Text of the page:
2016 – The Year of Words

As I sat down to make my new year’s resolutions for 2016, one particular area of life stood out as having been sorely neglected last year. A long-time lover of the written word and so-called aspiring writer, I realized that I spent the majority of 2015 pining over books I never made time to read and “writing” essays in my head but never actually putting them down on paper.

The thing about writers, you see, is that they WRITE. A blaringly obvious statement to be sure, but what makes me different from Isabel Allende or Donna Tartt or (insert your favorite author here) is that I am completely lacking the discipline (and probably just a bit of talent) that the aforementioned writers possess.

Ah, discipline. That pesky little detail that separates the dreamers from the doers. As I approach my mid-thirties, I’m being smacked with the stinging realization that I’ve spent most of my life being a dreamer. I’ve had many enterprising, elaborate dreams (e.g. jewelry maker, lawyer, paper artisan, healthcare administrator), but few that came to fruition. That’s not to say my life has been a complete failure – far from it, in fact. But, as I consider my life thus far and how I want to shape my future, I absolutely want to be more on the “doer” end of the continuum of life.

For years I’ve wanted to be a writer. My inner monologue is mostly narratives, as though I’m writing my life the way someone else would read it. Every time I read a particularly terrible book/blog/newspaper article/etc., I always think “I could do better than THAT.” And yet, I don’t even try. Whether it’s from fear, laziness, or a perceived lack of time, I’m not sure. What I do know is that it’s something that has been lingering in my heart for years, calling out to me from some distant place lost in the fog.

So, dear self, I hereby declare that 2016 is the year to stop dreaming about becoming a writer and actually do it. Here’s how:

  1. I will write every day.
    I’ve gone through “seasons” of writing in the past, but have never made it a daily habit, which is something all writers do. Whether I get out 1,000 words of literary magic or a couple paragraphs of pure drivel, I will write every single day.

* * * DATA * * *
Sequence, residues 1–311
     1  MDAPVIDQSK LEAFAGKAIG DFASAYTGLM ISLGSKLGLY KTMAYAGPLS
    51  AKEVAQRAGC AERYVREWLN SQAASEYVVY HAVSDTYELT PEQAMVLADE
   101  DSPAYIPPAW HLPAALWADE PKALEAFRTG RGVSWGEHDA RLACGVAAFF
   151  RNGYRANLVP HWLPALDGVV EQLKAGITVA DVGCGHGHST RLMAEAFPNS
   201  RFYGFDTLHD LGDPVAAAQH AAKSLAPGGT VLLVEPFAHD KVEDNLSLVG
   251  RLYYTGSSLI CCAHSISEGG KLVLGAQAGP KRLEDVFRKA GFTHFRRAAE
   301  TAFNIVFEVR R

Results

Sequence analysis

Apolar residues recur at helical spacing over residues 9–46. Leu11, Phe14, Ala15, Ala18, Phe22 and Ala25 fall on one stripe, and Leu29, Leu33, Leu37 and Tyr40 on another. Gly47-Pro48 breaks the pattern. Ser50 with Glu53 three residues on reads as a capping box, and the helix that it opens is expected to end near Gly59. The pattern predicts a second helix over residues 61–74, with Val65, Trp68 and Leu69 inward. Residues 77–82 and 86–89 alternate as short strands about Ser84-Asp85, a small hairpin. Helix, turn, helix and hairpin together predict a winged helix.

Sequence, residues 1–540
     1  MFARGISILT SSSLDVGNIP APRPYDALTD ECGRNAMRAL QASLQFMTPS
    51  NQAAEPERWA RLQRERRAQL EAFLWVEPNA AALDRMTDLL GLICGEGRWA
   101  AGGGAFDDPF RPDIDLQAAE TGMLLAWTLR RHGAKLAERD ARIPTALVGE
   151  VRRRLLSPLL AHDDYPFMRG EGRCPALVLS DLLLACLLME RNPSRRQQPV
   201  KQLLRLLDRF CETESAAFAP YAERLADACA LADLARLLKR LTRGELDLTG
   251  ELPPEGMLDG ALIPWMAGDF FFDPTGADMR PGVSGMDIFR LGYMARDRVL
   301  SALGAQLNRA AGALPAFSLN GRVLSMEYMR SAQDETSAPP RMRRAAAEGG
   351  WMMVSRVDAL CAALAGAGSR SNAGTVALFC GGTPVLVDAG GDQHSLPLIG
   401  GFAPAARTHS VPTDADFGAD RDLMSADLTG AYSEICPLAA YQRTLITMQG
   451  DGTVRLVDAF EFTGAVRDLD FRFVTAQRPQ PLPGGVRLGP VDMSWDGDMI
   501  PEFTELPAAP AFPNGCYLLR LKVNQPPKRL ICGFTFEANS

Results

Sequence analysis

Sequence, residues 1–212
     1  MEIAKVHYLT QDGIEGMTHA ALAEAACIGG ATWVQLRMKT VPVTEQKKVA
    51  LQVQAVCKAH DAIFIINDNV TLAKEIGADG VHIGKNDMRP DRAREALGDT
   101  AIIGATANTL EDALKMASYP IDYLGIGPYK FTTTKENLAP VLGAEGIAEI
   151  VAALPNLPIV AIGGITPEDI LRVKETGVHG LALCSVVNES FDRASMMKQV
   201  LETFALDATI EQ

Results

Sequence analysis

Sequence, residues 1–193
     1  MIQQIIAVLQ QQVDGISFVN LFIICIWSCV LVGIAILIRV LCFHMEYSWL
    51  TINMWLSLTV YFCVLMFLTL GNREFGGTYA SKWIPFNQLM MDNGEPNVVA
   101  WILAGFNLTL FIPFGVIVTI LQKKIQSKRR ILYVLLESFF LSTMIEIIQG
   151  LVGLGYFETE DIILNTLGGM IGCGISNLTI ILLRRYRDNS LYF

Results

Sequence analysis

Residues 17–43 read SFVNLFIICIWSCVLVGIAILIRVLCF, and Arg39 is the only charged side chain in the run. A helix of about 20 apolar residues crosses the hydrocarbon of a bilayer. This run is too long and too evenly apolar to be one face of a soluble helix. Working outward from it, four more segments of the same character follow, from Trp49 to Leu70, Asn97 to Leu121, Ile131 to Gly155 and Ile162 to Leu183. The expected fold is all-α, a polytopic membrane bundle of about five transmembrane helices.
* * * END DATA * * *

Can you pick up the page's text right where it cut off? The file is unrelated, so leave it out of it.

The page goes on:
2. I will read a minimum of 2 books per month.
    In order to be a great writer, one must read. A lot. And while 2 books per month doesn’t seem like much, it’s a huge improvement over the 3-ish books I read last year (did I really just admit that???).

I feel more strongly about these goals than I’ve felt about any others in quite some time, so I’m definitely up to the challenge. Here’s to 2016, the year of words!


20 Minutes in My Brain

In an effort to develop that writing habit I’m always talking about but never acting on, I signed up for The Daily Post’s Writing 101: Building a Blogging Habit.  It’s essentially a daily writing challenge with prompts and support to help get into a blogging habit and grow as a writer and blogger.

This is going to be a HUGE stretch for me since I can barely post once a week, but I think it’s just the kick in the pants I need to get going.

So, here we are on Day 1 and I finally got around to today’s writing challenge at 10:00pm.  Better late than never, right?  Today’s challenge was 20 minutes of stream of consciousness writing – just sit down and put anything that comes into your brain on paper.  So, as a treat for anyone who happens to read this (aside from my mother), here’s a look at 20 unedited minutes inside by my brain:

I am tired, oh so tired, it’s amazing how tired I feel! 

I sang “I Feel Pretty” to Georgia the other day and she clapped in delight and asked for it again and again.  I think she loved just listening to me sing, but she also maybe loved a song about being pretty.  We have perhaps told her she’s pretty way too many times because she will often look at herself in the mirror in the morning after getting dressed and say “I look beautiful!”

I’ve worried that we tell her that too much, that she’s going to become narcissistic or too full of herself.  But yet, another part of me thinks what is so wrong with a little positive self-esteem?  I certainly never look in the mirror in the morning and tell myself “I look beautiful”.  If anything, I look in the mirror and think “Ugh.  I need to get a haircut/brow wax/facial/makeover/whateverwillmakemelooklikeasupermodel.” And is that really any more healthy than telling myself I’m beautiful everyday?  I truly don’t want my daughter to be narcissistic, but I absolutely want to raise her to have better self-esteem than I have.  I’m not sure where I lost it.  Maybe somewhere among the scoliosis back brace, the 2 bouts with braces, acne that I could never seem to get rid of.